TWENTY-FOURTH IN MY TEACHING SERIES ON THE PARABLES OF JESUS
The Parable Of The Persistent Widow
Then Jesus told his disciples a parable to show them that they should always pray and not give up. He said: “In a certain town there was a judge who neither feared God nor cared what people thought. And there was a widow in that town who kept coming to him with the plea, ‘Grant me justice against my adversary.’“For some time he refused. But finally he said to himself, ‘Even though I don’t fear God or care what people think, yet because this widow keeps bothering me, I will see that she gets justice, so that she won’t eventually come and attack me!’”And the Lord said, “Listen to what the unjust judge says. And will not God bring about justice for his chosen ones, who cry out to him day and night? Will he keep putting them off? I tell you, he will see that they get justice, and quickly. However, when the Son of Man comes, will he find faith on the earth?”Luke 18:1-8
Justice Matters To God
There are two characters in the Parable of the Persistent Widow: the widow and a corrupt judge, who apparently lived in the same vicinity. The woman’s spiritual faith is unspecified, and the man’s faith is obviously nonexistent. Scripture is clear that the judge was one “who neither feared God nor cared what people thought” With this apathetic mindset, he dismissed the woman’s problem over and over again. And still, she came to him with the same plea each time. Her request was justice against her “adversary,” someone we never meet in the parable.
In this parable, Jesus draws a correlation between the judge and God with a rhetorical question. “And will not God bring about justice for his chosen ones, who cry out to him day and night? Will he keep putting them off?” Jesus adds that God will undoubtedly deliver justice and do so quickly. Whereas the judge dragged his feet, God won’t. And whereas the judge didn’t want to deliver justice, God does.
Four Lessons Jesus Wants Us To Learn
The Nature of Faith
Some people believe in what they can see. As Christians, we choose to believe also in what we cannot see. That’s the nature of faith. Science explains the physical world. Faith explains the spiritual. In the parable, Jesus does not ever explicitly say the widow had faith. However, she reveals a certain type of faith, believing in what she can’t see by continuing to communicate with the judge. The nature of the woman’s concern is not clear, but that doesn’t really matter. Her undefined struggle is symbolic of our own varied problems. Unlike the judge, God cares about us and hears our cries. Our problems differ but God loves each of us. He knows what situations are significant to our hearts and acts accordingly.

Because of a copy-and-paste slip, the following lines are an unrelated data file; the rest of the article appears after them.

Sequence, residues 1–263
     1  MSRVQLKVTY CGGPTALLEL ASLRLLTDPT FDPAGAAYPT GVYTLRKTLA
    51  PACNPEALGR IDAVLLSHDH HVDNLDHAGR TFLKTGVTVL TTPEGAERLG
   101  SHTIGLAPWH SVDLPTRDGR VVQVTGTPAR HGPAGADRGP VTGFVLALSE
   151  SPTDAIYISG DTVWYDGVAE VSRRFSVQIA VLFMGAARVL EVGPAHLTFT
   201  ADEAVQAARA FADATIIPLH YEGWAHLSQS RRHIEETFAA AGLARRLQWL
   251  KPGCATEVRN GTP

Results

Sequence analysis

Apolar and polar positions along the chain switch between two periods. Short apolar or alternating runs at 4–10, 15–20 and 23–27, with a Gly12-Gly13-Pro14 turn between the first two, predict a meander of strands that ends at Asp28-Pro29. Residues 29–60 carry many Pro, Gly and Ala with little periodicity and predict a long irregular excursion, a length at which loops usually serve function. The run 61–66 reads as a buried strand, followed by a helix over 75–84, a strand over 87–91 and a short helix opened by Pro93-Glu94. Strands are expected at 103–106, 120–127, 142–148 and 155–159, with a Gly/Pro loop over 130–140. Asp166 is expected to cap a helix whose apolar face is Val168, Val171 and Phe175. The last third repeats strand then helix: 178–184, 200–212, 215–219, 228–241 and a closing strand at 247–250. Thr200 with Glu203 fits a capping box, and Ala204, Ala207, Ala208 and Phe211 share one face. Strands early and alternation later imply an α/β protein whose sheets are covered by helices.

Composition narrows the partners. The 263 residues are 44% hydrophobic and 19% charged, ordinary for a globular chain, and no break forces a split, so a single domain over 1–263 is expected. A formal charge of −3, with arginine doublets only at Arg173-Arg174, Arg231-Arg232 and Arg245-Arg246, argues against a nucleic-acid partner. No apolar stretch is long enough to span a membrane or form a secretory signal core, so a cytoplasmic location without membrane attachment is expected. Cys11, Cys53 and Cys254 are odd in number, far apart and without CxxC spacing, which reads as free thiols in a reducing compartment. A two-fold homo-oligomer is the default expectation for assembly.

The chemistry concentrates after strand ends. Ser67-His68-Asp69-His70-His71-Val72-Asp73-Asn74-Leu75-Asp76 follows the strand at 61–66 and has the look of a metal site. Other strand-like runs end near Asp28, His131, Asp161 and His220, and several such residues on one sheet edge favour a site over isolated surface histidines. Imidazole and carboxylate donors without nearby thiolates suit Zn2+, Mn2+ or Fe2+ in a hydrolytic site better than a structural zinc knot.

Pray To God Always
Jesus doesn’t say the woman berated the judge for dismissing her. Instead, she kept making her plea hoping for change in her life. She communicated in a way that the judge could receive, and ultimately he changed his heart. We too are called to pray consistently when we want change to occur in our own lives. We may pray for a change in our relationships, jobs, health, and the list goes on. God hears our requests and assures us He responds in ways that He knows are best for us.
God’s Delay Doesn’t Mean Denial Of Our Request
Sometimes when we pray for a specific outcome, we become discouraged when what we want doesn’t happen. If we find ourselves waiting after saying a prayer, there’s the potential to grow discouraged. Sometimes the wait early on is easy, but when the wait drags on, doubt can easily set in. With doubt, we ban begin to lose faith and trust in God. Delay does not always mean denial. Waiting is not necessarily God saying, “No.” While we pray for certain outcomes, we should also pray for a godly perspective, and that His will be done. Sometimes what we want isn’t in touch with God’s will, and sometimes what we want isn’t what we really need. The more our perspective aligns with God’s perspective, the less we have to worry about being denied at all. Waiting will simply mean watching God at work.
God Is Not Our Adversary
A quick read of this parable could lead a person to conclude that the widow had an issue with another person. But Jesus wants us to have a deeper understanding. The adversary could possibly be another person, but also could represent our own internal struggles. God may want us to pray for a change in our own behavior, bad habits, addictions, and for new perspectives. Our enemies are often not external. Yet, just as we can trust God to help us handle threats outside of ourselves, He desires to help us solve our internal struggles as well.
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